Quote:
Originally Posted by schneidz View Post
i dual boot win-2k and rh-9 at home and from what i can tell windows cant modify /boot/grub/menu.lst (also i never been able to ssh into win-2k).


a few lines of bash can modify /boot/grub/menu.lst before a reboot.
definatly it possible but would suggest o use grub as the loader and let u control windows from it
 
Old 08-19-2009, 09:26 AM   #6
brettmehaffey
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Yes, Windows Server 2003 still has the boot.ini file.

What changes do I need to make to the file?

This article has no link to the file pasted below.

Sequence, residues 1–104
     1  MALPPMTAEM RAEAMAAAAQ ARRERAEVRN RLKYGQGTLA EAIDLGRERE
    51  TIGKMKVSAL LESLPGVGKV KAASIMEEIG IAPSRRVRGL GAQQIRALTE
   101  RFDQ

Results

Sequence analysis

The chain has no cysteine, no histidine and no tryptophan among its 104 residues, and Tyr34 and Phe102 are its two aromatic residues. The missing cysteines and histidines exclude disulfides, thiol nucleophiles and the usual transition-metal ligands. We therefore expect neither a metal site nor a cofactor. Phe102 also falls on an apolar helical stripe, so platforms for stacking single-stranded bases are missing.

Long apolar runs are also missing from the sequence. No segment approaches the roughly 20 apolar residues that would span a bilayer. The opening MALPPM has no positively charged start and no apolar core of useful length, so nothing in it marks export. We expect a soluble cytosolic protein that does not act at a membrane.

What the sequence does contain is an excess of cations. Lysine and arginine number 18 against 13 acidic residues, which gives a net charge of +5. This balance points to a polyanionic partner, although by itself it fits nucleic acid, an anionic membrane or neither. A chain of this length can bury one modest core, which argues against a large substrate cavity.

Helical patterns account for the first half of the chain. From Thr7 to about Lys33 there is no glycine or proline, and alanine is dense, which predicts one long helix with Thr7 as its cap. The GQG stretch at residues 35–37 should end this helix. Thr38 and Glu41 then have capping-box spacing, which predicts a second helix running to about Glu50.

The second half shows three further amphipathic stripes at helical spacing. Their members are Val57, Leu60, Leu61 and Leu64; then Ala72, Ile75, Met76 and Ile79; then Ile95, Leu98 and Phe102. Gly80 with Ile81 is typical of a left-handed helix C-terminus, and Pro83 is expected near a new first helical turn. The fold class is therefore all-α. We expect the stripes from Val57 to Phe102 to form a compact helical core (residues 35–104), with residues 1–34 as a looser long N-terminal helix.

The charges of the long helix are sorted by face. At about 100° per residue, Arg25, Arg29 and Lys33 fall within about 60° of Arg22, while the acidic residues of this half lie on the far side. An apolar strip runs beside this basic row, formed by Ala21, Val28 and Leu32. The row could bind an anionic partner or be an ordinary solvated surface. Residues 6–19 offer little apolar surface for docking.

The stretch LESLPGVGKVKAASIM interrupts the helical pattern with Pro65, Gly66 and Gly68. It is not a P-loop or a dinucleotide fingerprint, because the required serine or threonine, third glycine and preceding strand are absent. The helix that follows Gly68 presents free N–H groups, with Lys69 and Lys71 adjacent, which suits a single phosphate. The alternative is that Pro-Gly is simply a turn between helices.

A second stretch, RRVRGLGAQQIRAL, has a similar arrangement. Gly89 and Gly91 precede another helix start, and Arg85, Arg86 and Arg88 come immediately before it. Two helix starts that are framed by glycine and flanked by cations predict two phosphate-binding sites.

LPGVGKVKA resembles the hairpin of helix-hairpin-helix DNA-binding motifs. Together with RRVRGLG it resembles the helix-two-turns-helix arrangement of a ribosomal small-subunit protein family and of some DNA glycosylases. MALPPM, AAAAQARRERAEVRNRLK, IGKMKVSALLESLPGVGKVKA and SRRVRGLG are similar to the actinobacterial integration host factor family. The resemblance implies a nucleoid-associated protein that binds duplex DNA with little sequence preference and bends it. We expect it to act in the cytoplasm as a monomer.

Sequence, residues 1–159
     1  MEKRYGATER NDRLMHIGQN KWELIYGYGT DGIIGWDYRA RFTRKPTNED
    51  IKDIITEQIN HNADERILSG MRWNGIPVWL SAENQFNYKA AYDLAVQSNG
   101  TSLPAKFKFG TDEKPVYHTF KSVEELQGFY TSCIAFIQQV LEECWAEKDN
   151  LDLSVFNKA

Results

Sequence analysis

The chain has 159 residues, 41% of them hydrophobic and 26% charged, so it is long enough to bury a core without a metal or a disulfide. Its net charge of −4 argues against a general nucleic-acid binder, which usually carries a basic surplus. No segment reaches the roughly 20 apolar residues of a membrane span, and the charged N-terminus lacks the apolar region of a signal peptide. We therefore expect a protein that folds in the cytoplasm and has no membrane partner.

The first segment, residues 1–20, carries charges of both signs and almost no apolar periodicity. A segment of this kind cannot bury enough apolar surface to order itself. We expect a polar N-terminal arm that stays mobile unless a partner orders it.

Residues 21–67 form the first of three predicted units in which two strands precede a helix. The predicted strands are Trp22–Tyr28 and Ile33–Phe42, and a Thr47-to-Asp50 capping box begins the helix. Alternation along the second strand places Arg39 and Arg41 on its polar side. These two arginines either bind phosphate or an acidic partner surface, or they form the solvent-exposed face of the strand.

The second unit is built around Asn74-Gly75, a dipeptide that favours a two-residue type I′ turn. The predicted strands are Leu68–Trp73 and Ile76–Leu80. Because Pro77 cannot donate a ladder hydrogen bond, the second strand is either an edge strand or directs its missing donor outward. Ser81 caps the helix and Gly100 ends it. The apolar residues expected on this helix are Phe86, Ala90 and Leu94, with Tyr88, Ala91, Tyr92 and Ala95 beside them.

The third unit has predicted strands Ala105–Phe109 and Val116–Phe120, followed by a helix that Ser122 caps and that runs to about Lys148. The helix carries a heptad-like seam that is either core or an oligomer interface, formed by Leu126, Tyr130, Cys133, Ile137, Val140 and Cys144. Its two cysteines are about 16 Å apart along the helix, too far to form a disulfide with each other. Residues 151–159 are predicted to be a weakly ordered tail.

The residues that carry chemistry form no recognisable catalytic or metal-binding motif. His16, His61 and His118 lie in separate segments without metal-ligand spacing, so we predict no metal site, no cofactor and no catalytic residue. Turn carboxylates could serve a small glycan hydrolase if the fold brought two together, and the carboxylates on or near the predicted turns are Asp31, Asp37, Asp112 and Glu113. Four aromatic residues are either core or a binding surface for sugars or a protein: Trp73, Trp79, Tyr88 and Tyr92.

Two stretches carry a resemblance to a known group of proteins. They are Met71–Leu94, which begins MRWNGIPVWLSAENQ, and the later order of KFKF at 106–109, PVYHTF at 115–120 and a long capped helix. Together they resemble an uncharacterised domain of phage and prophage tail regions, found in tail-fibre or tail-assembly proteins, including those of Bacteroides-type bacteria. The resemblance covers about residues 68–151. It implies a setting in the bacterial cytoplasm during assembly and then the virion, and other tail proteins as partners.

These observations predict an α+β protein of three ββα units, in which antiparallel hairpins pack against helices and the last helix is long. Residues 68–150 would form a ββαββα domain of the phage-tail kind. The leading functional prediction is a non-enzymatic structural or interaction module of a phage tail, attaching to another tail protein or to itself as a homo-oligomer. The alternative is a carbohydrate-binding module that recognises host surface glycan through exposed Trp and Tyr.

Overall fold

Right now when I boot, it boots to the CentOS 5, OS.

Currently, I have to choose "other", in grub to get to the windows load.
 
Old 08-19-2009, 09:39 AM   #7
monsm
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Quote:
Originally Posted by brettmehaffey View Post
Yes, Windows Server 2003 still has the boot.ini file.

What changes do I need to make to the file?

Right now when I boot, it boots to the CentOS 5, OS.

Currently, I have to choose "other", in grub to get to the windows load.
Don't remember the details of boot.ini. Its got similar things to menu.lst but in a different syntax.
However, since you already have CentOS as boot and can do Windows boot from Grub, the easiest (and probably most secure) is to stick with that.

Check some of links above form the others. I guess in searches your keywords would be "ssh grub".

Mons
 
Old 08-19-2009, 12:11 PM   #8
brettmehaffey